Belize-bound for your special day? Or perhaps you’re heading to palm trees within the United States. Regardless of whether your destination wedding is abroad or domestic, you need to know what to do to make your union official. Here’s what you need to know to ensure your magical day is official.
Marriage laws vary by location. Many resorts will offer a marriage package that includes the venue, someone to officiate the wedding, and include other details to make it unique to each couple. But if you are not planning on getting married at a resort here are some things you should know:
How long does it take to get a marriage license?
Make sure you arrive at the location early enough to apply for and receive your license.
How do you transfer the marriage back to the US?
This is especially important if you’re getting married in the Caribbean or Mexico. Check with your local courthouse to make sure that your marriage is recognized by the US. This will be needed for insurance, taxes, and other areas where you need to show proof of your marriage.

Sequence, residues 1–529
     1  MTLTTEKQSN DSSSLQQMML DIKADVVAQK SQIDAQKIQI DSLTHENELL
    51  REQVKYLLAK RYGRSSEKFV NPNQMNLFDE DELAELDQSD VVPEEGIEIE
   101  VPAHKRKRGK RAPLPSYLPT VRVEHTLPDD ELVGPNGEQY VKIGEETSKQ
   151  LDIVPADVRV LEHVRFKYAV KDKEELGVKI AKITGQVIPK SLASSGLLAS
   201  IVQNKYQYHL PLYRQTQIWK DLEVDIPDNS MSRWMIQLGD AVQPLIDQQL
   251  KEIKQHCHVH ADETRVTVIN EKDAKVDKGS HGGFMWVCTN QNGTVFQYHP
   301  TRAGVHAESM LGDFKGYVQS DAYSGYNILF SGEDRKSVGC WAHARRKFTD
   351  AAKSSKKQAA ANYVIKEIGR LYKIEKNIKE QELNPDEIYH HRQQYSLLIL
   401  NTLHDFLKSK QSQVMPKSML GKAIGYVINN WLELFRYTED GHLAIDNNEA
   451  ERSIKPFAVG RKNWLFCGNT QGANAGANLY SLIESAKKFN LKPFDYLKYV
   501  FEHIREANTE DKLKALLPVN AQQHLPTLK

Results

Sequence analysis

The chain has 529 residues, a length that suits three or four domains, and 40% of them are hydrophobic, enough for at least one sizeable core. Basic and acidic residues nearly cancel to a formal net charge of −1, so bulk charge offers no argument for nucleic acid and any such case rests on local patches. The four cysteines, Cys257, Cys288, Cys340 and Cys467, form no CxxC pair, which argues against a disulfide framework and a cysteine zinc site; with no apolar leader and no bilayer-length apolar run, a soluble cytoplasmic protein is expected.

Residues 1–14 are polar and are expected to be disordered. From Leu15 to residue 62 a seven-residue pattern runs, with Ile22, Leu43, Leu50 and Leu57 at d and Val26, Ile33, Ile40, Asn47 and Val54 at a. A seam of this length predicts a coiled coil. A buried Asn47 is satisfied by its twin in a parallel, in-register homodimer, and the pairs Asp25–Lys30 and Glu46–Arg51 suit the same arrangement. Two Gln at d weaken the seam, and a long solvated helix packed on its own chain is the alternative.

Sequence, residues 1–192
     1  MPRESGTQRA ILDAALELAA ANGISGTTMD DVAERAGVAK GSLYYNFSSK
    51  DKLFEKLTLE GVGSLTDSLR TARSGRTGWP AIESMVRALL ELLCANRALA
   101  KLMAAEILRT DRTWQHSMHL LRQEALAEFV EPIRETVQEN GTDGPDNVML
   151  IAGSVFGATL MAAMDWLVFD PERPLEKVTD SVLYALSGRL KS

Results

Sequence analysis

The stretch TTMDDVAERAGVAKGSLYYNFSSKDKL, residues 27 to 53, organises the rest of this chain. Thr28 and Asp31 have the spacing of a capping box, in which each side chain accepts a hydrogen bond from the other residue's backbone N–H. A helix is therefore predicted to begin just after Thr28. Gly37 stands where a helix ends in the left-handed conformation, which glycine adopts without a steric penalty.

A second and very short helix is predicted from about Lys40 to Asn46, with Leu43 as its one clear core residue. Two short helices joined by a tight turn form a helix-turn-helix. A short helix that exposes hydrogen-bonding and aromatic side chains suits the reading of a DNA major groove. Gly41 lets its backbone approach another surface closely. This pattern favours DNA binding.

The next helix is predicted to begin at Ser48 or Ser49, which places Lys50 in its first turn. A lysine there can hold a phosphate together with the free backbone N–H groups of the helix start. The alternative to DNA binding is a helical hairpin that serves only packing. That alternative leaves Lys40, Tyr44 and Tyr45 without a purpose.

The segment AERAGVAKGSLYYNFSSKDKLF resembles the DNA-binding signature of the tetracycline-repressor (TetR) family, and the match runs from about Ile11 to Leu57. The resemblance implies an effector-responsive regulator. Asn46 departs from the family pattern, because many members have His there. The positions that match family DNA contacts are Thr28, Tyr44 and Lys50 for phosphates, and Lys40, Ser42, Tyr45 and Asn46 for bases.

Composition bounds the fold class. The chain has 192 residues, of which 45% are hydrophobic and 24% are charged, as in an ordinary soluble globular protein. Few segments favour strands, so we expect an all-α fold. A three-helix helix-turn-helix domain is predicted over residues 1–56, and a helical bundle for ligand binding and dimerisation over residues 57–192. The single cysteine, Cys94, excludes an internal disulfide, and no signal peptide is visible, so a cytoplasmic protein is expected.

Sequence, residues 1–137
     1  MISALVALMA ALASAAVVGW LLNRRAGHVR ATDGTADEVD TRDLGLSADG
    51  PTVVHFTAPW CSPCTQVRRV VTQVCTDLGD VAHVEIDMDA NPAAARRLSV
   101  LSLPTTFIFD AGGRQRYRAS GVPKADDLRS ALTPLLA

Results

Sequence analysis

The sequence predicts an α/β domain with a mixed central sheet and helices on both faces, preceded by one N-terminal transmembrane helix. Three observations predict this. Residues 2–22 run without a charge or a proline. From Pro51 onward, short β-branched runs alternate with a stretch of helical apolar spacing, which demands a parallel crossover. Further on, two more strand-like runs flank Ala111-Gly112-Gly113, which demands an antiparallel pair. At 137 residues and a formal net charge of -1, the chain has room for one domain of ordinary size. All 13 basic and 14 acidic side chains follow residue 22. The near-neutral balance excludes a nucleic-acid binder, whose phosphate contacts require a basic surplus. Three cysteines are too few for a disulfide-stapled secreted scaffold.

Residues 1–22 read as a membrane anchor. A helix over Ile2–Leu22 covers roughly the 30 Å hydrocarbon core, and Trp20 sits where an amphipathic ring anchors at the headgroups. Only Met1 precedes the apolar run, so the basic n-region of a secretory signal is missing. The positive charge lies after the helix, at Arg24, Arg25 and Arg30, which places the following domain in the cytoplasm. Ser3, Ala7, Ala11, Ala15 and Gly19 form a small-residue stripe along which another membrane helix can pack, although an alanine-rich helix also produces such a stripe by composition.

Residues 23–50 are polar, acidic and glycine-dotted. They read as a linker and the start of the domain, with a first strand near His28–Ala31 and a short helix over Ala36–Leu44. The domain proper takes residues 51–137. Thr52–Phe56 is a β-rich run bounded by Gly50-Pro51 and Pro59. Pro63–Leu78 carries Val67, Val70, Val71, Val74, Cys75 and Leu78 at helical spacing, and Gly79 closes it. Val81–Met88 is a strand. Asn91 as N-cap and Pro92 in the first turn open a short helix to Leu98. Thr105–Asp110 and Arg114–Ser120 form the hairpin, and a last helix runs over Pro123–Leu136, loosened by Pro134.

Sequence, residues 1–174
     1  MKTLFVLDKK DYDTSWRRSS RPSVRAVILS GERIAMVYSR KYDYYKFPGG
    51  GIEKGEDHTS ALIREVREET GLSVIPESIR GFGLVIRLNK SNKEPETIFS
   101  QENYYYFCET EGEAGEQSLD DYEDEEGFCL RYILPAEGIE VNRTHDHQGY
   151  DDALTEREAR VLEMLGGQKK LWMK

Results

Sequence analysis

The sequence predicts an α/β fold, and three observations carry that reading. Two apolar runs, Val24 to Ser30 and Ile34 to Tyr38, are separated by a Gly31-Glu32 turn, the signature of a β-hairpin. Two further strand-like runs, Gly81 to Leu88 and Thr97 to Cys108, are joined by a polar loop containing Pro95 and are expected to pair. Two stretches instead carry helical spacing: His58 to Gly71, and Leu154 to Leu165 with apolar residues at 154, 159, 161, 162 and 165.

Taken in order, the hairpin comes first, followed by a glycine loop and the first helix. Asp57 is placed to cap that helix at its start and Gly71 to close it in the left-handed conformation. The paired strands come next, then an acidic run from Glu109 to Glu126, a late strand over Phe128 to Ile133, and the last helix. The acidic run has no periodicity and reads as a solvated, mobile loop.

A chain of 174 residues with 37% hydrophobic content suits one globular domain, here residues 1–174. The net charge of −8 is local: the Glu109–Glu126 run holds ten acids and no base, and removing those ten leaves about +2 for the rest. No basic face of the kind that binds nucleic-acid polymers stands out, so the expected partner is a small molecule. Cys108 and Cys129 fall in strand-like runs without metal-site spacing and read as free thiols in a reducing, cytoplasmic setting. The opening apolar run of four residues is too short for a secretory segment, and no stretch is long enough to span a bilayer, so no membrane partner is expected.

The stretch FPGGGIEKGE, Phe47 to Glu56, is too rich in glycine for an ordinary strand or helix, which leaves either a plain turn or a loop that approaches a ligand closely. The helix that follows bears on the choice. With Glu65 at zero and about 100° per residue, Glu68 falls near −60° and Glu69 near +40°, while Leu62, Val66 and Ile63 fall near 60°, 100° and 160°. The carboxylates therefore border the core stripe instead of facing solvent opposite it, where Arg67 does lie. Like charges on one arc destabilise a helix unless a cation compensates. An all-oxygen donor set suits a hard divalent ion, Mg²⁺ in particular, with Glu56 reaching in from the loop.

Are blood tests required?
This varies based on location. If they are required, you’ll need to allow time to get them done or be prepared to show results from recent tests once you arrive.
What kind of identification and other documents are needed?
You might need your current passport in addition to your birth certificate and proof of residence.
How many witnesses do you need?
This varies everywhere. Make sure you know ahead of time so you aren’t pulling people off the street.
Check the rules around the location of your wedding.
Technically, your wedding will be a public gathering. Parks and beaches commonly have rules around what’s allowed and what you need a permit for. Make sure that it’s all squared away before guests show up.
Pick your vendors ahead of time—and have them sign contracts.
You’ll be planning from a distance, so make sure that everyone you hire signs a contract and has good reviews before the big day. The last thing you want is a caterer who doesn’t show up or a cake that says “It’s a boy!” If you need a contract, we’ve got you covered. Check out our most common contracts on the Getting Married Checklist that our brides and grooms use with their vendors.
If all of this is going to add to your pre-wedding nerves, you might consider opting for a simple ceremony in your hometown via your local courthouse or notary public; and then have the symbolic ceremony at your destination choice.